Bob Alexander wanted to be notified of new mail from his mailbox, but he didn’t want to buy a device for that purpose. He says that many commercially available mail alert gadgets can’t tell the difference between incoming mail that the postman left inside, and outgoing mail that you placed inside. So he built his own radio alert system with the help of a toy mailbox.
Bob originally planned on using a simple LED-based notification system, but decided to have a bit of fun with his project, which is why he ended up using a toy mailbox. To eliminate false alarms, Bob placed a Microchip 16F1825 PIC microcontroller and three sensors in his actual mailbox. The first is a tilt sensor that determines if the mailbox door is open or closed. The second is a light sensor along with an LED that gives away if there’s mail – or something – inside the mailbox. Finally, there’s a reed switch and a magnet that detects whether the mailbox’s flag is up or down.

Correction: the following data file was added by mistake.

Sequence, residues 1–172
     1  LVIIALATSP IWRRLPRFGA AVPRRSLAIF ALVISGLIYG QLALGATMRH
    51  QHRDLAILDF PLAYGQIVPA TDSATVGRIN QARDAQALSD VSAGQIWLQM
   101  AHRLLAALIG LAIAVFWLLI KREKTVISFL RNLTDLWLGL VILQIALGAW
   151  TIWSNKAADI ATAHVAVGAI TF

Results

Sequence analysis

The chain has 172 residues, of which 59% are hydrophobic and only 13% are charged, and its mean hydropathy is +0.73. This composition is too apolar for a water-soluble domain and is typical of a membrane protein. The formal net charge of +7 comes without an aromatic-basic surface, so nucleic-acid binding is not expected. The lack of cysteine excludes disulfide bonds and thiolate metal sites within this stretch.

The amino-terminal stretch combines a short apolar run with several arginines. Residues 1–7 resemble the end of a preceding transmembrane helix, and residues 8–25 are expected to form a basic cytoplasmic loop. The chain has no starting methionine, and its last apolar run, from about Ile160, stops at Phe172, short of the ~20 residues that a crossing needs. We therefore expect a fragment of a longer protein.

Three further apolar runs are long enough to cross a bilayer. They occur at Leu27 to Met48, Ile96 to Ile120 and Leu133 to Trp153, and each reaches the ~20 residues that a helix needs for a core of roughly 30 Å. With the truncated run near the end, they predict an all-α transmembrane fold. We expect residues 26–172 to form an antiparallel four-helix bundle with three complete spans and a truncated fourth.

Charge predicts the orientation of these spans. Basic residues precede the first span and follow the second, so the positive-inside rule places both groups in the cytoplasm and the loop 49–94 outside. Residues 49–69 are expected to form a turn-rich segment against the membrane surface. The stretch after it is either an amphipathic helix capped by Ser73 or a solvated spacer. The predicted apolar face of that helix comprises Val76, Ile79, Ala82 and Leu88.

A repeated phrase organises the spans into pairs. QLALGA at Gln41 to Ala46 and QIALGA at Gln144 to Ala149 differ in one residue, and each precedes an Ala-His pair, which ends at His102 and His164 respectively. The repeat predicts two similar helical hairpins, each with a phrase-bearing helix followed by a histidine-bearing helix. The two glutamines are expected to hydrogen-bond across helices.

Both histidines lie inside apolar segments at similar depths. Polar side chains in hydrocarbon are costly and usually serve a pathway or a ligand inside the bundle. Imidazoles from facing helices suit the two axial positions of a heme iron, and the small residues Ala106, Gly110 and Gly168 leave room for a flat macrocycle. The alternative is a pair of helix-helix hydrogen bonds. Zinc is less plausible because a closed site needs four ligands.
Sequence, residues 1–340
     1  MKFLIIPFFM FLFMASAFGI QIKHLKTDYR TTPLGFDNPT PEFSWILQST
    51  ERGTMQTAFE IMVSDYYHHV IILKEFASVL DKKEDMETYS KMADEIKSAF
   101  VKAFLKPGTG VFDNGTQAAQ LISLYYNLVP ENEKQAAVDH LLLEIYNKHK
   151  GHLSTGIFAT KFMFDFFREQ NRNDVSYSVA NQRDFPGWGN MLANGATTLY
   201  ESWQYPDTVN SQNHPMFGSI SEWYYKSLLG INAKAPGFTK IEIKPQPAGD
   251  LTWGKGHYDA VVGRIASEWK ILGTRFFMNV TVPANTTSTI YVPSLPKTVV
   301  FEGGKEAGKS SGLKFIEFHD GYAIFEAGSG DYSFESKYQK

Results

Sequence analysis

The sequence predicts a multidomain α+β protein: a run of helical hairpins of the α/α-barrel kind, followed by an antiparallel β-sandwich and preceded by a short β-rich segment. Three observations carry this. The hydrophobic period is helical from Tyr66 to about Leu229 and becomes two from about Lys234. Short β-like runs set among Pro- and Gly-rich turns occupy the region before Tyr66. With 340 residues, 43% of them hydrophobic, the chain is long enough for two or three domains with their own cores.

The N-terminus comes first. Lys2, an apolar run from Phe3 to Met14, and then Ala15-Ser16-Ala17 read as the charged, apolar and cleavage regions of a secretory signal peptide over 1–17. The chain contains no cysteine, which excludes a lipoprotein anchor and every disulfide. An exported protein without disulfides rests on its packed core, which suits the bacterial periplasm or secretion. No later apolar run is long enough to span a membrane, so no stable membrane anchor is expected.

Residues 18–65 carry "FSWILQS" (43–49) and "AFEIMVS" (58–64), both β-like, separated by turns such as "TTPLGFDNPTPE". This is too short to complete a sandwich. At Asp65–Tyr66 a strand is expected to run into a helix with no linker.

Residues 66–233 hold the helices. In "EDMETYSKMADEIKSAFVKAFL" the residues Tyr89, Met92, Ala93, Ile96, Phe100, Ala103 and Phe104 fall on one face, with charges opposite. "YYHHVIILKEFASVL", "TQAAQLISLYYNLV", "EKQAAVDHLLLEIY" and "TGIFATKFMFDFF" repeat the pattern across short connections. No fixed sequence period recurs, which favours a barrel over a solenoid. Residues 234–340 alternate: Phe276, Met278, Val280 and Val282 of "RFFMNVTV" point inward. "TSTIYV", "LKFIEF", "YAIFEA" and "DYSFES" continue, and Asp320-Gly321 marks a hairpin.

In case you didn’t know, you’re supposed to raise the flag on the side of the mailbox to let the mailman know that you have outgoing mail for him to take. Bob takes advantage of this practice with the reed switch to eliminate false alarms. As long as the flag is up, even if the tilt sensor detects that the door has been opened and the light sensor detects there’s something inside the mailbox, the microcontroller will deduce that Bob put outgoing mail in.
If there’s new mail inside, the microcontroller will send a radio signal to a receiver inside the mailbox, which then uses a servo to raise the toy mailbox’s flag. If the microcontroller senses that the mailbox door was left open or of it’s low on batteries, the toy mailbox’s flag will go up and down repeatedly.
You’ve got link! Send your browser to Bob’s blog to find out more about his custom mailbox alert.
[via Hacked Gadgets]